How Should I Begin a Statement of Interest?

A well-crafted statement of interest can draw the attention of an admission committee.
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An effective statement of interest can help your graduate school application be pulled to the top of the pile. Graduate school admission committees want to see that you have researched their programs, that you are genuinely interested in their graduate school and that you will be an asset to their graduate program. It's important that you craft a winning statement of interest to get noticed.

Visit the graduate school and talk with the director of the program to which you are applying to learn more about available positions. Read and take notes on the position for which you are applying. Write down what you think the program is looking for. Read the graduate school's guidelines for submitting applications, and any specific requests it has about the formatting of your statement of interest.

Write a list of your skills that you would provide upon acceptance into the graduate school. Write a list of all leadership positions you have had in the past, and two or three things that you learned or skills you gained from the the position. List results you have obtained in previous schooling, such as your grade-point average or academic honors.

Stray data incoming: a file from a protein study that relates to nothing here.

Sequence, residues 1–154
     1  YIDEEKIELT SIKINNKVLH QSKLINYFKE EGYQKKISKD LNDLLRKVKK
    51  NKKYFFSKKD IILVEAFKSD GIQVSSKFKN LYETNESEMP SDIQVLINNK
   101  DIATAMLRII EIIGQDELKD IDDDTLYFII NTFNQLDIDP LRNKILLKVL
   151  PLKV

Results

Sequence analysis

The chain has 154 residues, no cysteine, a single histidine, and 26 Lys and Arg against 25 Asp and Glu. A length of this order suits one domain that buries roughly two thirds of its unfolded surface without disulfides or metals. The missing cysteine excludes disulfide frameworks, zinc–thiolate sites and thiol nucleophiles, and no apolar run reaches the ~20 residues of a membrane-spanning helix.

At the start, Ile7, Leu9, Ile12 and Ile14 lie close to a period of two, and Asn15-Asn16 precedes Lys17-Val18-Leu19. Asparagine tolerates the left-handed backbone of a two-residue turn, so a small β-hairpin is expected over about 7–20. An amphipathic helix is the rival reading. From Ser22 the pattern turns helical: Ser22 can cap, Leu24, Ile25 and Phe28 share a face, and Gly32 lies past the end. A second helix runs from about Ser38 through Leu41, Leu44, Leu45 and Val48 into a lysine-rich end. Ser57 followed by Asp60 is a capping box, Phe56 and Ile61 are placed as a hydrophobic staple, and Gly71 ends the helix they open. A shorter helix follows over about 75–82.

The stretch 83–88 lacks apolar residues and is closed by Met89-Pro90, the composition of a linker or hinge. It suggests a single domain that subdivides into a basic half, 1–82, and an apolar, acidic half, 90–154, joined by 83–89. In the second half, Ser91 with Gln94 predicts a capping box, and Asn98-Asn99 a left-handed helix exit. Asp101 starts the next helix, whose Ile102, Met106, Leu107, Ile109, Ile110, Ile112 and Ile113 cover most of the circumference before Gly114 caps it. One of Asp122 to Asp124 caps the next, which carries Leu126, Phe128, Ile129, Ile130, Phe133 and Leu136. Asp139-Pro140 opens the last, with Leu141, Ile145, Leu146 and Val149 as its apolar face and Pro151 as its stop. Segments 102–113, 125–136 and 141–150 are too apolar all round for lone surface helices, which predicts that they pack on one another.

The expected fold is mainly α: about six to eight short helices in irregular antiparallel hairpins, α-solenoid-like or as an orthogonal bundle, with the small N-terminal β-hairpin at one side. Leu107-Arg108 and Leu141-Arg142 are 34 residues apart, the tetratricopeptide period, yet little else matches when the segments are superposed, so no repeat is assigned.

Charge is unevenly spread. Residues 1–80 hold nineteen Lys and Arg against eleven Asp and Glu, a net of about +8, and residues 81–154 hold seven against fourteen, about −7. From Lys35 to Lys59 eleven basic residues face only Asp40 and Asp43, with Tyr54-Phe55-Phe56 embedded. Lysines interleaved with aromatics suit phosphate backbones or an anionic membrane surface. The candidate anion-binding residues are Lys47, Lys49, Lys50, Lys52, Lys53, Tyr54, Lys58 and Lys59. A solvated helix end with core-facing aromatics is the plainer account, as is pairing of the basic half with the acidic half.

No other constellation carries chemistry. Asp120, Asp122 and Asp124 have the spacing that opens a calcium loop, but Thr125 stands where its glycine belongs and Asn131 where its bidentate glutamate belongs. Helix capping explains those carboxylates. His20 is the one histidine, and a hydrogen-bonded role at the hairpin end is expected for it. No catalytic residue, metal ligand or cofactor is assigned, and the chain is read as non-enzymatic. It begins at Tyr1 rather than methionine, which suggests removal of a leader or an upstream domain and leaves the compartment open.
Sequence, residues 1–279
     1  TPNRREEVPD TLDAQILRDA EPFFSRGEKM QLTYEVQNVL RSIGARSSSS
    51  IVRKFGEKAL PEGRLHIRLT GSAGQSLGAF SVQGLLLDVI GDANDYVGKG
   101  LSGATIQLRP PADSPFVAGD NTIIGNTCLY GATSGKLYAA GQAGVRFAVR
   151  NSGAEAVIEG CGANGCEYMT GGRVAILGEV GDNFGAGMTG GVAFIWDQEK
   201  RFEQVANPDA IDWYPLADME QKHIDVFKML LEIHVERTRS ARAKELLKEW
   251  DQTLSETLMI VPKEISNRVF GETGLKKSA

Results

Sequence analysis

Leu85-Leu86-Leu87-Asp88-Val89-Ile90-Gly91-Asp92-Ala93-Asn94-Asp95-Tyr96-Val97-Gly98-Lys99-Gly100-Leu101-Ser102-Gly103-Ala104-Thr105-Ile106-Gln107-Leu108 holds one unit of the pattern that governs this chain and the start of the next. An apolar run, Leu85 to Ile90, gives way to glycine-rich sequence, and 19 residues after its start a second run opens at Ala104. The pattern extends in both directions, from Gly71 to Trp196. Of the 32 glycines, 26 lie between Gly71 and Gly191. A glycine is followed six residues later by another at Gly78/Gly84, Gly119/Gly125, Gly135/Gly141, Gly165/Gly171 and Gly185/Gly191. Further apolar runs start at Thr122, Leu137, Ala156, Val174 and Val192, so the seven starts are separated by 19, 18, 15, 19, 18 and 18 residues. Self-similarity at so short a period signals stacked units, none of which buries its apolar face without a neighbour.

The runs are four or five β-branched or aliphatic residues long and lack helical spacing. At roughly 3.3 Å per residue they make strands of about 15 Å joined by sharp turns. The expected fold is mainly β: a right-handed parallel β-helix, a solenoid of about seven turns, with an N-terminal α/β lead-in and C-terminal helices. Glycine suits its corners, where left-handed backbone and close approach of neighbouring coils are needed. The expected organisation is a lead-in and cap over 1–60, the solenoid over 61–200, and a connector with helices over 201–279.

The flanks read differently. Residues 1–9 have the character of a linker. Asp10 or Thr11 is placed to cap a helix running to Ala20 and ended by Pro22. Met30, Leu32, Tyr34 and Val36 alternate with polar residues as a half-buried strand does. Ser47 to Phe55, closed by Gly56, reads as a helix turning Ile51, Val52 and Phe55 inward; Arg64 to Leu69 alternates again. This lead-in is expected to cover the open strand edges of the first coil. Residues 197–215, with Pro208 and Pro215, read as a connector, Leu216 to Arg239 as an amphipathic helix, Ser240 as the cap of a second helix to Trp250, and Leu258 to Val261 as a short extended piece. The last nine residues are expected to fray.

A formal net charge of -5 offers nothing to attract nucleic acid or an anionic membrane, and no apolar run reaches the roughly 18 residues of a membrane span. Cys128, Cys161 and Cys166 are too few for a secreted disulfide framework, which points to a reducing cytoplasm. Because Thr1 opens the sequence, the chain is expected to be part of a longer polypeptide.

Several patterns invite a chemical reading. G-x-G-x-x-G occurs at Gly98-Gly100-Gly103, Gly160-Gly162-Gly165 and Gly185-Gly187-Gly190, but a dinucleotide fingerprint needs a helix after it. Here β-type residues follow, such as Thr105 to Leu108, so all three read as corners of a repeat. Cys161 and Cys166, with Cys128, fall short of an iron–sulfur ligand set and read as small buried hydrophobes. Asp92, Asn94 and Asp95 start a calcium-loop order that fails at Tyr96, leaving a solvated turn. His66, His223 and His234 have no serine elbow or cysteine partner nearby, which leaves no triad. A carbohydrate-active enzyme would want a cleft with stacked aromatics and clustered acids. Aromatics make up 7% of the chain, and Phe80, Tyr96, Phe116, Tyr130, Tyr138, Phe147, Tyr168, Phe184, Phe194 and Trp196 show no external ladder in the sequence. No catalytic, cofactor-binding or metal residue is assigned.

Compile a written list of 10 to 12 reasons you are interested in the graduate school. Which programs does the graduate school provide that interest you? Select the top four or five reasons to include in your statement of interest. Next, tie these interests into your skills. For example, if you're interested in a graduate school that offers a continental philosophy program, you'll want to note your publications and educational achievements in continental philosophy.

Draft your statement of interest starting with the most compelling reason the position interests you. For example, you could talk about the friendly faculty, award-winning program directors, beautiful campus or challenging work. Be specific about what impresses you about the school, and note any personal experience you've had with the school, such as a meeting with a faculty adviser. Use your other three or four points to support your main point that the graduate school is attractive or valuable.

Write about how you intend to apply your skills and experience to be an asset to the graduate school or make the graduate school more valuable. For example, say that your friendliness would be a compliment to the personable atmosphere, or that your writing skills would be an asset to the school's award-winning newspaper.

  • Use a formal and professional tone for your statement of interest to communicate your serious interest in the position.

Jered Slusher, born in 1987, has been writing online articles since 2005. His poetry and academic essays have appeared in The Ohio State University at Lima "Hog Creek Review." He holds a bachelor's in English from The Ohio State University.